nd this guy at the end is a guy called Billy Price. Billy is a peggy on building sites. He's sort of the guy who runs around and does the sandwiches and gets the cups of tea. He's a communicator but he's a very staunch unionist. We built a village on a cricket ground with no water, no electricity, no comms, nothing. Billy, "I'll get the Plumbers Union to do the water. I'll get the Electrical Trades Union to come and do this." The networks that these people have. You know, the power that we've got through networks is amazing. And the thing is, use the networks.
The other thing was we set an impossible goal. We basically said we're going to build this temporary village. Never been done before in Victoria or Australia as far as we know. We sat down and said, "Okay, who've we got here?" We had Ken Mival who was in the town and had been burnt out as well. He was the president of the Australian Consulting Engineers Association and worked for a mob called URS group. He had architects and town planners. We had Rob Dumsday who was an economist who could do the sort of numbers. We just had people from Leighton Constructions, Baulderstones. We had something like 26 organisations.
organisations said to them, "How are we going to coordinate this fast?" I said, "Well, why don't we set up a Wiki? Who knows what a Wiki is?" And in Flowerdale, nobody knew what a Wiki is. I know you do. Jesus Christ. I said, "Do you know what Wikipedia is?" He knows what it is. They didn't know what Wikipedia is. Oh my God. Ah, Li Li Fever, Wiki's in plain English. Three minutes later they knew what a Wiki was and we used this Wiki to coordinate the way we did the village.
We developed a business plan which was fully drafted, costed, 3D models, the works, in about 10 days. And we handed it over to John Brumby and Christine Nixon and our mate Bill Shorten's in the background there, wrapped up in a big red fire truck. Brumby said to me, "Do I have to read this?" I said, "No, mate, you just have to fund it."
This bloke here. This bloke here, Ian Johnson. He was living rough in Brisbane on the day of Black Saturday. He hitched down because he had no money, he had nothing he could offer other than his arms and legs and his willingness to work 18 hours a day for three months straight. I said to Ian, "Mate, do you know how to use Flickr and a digital camera? No? Good. Here, here's how you do it." He took photos every day. I'd ring him up every night and that's how I wrote my blog from Melbourne. You know, these people can learn. You can empower people and we get amazing things happening.
We got contacted through ... The other thing was we were accessible. We were really accessible. We were the only town that had set up a blog. We were the only town that's saying, "Come in." You know, because we knew if people come in they might see something that they could do. We were contacted by Darley Stud, Sheikh Mohammed's mob. They rang us and said, "Look, we've got a million and a half to give to communities directly. We don't want to go through government. Are we talking to the right people?" It was a very fast "yes". And they said, "Well, what do you want? What are you going to do?" And this notion of, "Jesus, we've been in such reactive relief mode here."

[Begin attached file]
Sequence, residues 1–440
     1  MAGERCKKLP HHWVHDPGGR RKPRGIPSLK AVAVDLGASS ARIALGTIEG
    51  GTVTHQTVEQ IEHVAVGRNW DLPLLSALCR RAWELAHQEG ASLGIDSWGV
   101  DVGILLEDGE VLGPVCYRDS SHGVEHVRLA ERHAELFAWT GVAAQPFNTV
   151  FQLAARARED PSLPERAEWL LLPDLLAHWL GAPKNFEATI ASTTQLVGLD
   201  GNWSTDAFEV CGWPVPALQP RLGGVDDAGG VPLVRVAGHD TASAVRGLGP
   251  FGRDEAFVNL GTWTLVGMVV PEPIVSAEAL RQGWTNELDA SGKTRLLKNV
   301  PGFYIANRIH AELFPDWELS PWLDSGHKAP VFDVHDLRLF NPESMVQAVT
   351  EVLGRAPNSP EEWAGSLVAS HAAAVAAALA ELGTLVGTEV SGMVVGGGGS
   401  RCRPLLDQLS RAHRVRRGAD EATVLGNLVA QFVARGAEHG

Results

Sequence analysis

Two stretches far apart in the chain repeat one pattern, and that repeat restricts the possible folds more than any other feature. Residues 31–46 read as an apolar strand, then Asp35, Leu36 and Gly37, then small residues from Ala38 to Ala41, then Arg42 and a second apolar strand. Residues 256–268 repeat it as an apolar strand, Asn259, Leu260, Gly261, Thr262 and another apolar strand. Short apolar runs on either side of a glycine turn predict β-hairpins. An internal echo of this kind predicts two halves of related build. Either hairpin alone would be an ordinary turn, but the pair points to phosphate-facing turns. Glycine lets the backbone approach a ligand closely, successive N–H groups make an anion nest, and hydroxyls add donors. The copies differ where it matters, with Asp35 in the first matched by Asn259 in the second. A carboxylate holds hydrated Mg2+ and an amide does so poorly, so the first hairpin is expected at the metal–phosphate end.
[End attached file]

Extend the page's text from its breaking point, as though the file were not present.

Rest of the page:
We set up a model, sort of thinking about community participation and working groups and leaders of work engines around the things we had to do, and a community committee, and facilitators. I'm one of the facilitators. But we looked at that and said, "Something's wrong." Ah, that's better. Because the thing is, it's the gravity of the community. I don't even live there. I've got a stake in it, I suppose, but my job's to enable what the community wants. So we ran forums. We got the community together and said, "What do you guys need? What do we want this town to be like?"
On March the 17th at a public meeting, they said, "You know what? We can rebuild sustainably. If we're going to do this, why don't we do it right?" Why don't we do it so that in 200 years time, the people of this town say, "Those people made the right decision." We made it so it was highly participative. There was a community committee to coordinate the enablers: "Pete, get me this." "Pete, get me that." "Get Cossie here." Whatever, but it was that sort of notion of the upside down triangle.